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Designing A Better Solution For The Hearing Impaired In Botswana

Deaftronics has developed a solar powered hearing aid that’s both affordable and long-lasting.

Designing A Better Solution For The Hearing Impaired In Botswana

Ten years ago, while visiting a school for the deaf in Botswana, Tendekayi Katsiga discovered something alarming. Although the schools were given hearing aids by NGOs, the batteries had died after about a month and were too expensive to replace. As a result, students with hearing impediments–many of whom had never learned to read–had trouble following along in the classroom.

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Finding that other schools for the deaf in rural Africa were experiencing the same problem, Katsiga founded Deaftronics and quickly went to work on a solar-powered hearing aid. Priced at $200 a unit, the hearing aid is more affordable (most other models cost at least $600) and its solar battery can last for up to three years, or 500 charges, using either sunlight or fluorescent lighting. Furthermore, Deaftronics’ batteries work with 80% of the hearing aids on the market, and the charger even equipped with a usb circuit so users can charge their phone.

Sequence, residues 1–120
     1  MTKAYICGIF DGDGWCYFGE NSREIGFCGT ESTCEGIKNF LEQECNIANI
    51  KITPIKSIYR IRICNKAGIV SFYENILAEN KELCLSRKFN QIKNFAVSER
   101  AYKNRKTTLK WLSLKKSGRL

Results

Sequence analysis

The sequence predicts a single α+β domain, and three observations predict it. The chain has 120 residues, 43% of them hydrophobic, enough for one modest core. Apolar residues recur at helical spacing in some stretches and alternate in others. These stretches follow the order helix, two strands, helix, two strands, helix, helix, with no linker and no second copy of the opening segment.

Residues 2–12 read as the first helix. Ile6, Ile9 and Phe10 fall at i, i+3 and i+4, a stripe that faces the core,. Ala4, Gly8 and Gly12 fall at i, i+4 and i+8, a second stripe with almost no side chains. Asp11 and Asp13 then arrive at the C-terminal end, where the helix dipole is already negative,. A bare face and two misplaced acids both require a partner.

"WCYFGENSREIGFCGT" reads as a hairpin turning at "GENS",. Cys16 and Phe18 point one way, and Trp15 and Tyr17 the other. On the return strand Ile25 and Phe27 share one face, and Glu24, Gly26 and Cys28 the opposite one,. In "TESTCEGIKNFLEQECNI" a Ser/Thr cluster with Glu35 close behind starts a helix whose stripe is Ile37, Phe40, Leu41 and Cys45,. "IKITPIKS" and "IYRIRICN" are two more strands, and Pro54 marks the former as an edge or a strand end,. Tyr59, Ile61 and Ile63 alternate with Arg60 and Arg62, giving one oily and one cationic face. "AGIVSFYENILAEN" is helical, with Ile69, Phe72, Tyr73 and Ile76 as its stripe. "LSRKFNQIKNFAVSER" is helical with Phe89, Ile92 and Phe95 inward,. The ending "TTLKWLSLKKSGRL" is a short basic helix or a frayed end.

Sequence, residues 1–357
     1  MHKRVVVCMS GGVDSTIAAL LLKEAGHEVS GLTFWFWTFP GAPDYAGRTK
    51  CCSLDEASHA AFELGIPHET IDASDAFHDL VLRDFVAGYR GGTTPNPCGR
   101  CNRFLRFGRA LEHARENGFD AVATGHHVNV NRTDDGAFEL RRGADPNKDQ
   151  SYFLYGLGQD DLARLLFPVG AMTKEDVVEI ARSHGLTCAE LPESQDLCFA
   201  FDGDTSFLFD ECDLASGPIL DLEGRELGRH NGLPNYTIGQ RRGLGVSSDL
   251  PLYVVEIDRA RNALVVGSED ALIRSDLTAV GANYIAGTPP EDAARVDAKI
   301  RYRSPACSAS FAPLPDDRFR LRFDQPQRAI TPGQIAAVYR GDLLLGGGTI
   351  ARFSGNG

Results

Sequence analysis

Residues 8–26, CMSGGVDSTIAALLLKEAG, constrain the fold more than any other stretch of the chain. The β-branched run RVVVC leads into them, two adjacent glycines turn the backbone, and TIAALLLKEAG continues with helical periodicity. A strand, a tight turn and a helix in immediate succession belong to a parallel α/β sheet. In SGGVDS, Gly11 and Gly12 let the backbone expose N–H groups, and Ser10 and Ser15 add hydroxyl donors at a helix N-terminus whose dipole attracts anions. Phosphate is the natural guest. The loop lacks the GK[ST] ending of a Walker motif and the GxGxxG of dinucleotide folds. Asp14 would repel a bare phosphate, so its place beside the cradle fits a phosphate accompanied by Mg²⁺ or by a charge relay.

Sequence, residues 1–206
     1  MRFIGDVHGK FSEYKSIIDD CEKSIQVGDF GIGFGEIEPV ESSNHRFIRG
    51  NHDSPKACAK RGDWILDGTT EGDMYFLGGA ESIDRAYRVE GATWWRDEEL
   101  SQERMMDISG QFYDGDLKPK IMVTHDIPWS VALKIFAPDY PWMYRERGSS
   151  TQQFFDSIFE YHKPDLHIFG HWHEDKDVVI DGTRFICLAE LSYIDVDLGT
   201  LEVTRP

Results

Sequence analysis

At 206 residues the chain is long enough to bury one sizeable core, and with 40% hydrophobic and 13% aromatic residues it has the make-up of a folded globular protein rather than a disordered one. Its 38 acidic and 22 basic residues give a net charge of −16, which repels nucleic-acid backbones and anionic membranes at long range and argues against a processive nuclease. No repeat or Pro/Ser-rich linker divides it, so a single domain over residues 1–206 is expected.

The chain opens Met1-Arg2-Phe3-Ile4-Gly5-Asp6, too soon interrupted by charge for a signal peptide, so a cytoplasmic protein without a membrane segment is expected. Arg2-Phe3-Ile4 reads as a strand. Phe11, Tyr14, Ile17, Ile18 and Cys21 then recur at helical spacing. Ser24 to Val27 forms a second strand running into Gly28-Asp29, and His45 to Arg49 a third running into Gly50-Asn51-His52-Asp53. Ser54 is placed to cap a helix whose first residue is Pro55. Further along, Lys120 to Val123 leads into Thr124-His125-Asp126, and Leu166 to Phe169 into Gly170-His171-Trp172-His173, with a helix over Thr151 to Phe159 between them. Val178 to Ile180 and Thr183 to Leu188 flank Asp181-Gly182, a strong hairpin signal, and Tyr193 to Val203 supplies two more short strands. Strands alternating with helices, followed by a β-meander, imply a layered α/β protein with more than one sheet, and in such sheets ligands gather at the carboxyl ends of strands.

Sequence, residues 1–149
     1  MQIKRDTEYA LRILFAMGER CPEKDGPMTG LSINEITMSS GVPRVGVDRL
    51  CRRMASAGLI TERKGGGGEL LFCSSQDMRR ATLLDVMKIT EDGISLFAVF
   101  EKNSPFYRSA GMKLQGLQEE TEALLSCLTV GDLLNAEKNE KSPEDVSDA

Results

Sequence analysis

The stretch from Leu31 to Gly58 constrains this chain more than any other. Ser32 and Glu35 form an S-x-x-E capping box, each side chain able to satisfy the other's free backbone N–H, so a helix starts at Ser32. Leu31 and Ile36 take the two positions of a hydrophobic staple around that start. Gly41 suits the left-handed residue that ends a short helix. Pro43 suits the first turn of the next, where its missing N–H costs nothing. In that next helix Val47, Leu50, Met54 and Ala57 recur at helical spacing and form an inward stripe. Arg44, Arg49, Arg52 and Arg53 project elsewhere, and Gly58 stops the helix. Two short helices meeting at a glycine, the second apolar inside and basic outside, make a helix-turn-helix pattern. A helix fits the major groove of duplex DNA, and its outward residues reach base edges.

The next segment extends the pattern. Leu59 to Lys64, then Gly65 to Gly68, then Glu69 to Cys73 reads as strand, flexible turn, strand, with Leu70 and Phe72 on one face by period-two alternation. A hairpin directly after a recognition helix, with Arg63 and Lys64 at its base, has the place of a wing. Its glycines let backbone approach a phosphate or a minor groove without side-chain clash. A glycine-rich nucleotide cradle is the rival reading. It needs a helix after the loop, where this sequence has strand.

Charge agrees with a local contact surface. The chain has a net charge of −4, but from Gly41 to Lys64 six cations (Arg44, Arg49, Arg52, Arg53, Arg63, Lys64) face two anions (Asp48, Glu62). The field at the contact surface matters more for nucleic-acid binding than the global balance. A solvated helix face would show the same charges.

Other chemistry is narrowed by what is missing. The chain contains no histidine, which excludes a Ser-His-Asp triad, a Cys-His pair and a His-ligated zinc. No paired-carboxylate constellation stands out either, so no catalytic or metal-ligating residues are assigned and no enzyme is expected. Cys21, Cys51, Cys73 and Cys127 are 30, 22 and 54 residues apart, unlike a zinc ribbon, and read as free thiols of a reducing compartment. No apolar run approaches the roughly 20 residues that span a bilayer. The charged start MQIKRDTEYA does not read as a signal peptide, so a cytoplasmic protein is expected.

“The question was not only ‘How do you provide a hearing aid?’ but ‘How do you keep a hearing aid running?'” says Katsiga. To oversee the design process, Katsiga recruited people with hearing impediments who provided feedback during several phases of prototyping. “We started working with them and they provided us with the solution–everything from how the product should look to how it should be shipped.”

The problem reaches far beyond Botswana. According to the World Health Organization, over 5% of the world’s population–360 million people–has disabling hearing loss. Since it launched in 2009, Deaftronics has sold 10,000 hearing aids across 40 African countries. The hearing aids have allowed 3,000 hearing impaired children to attend school.

In July, the company was one of 30 finalists that were asked to attend the Global Innovation through Science and Technology (GIST Tech-I) summit, a US Department of State initiative that seeks to find impactful science and technology companies. The exposure, Katsiga hopes, will allow Deaftronics to take its technology beyond Africa, as well as expand its product line.

“We’ve realized that providing an affordable solar-powered hearing aid is not the solution to preventing hearing impairment,” says Katsiga. While still in the early stags of development, the company is also creating an mobile app that allow users to test for early signs of hearing loss.

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About the author

Meg Miller is an associate editor at Co.Design covering art, technology, and design.

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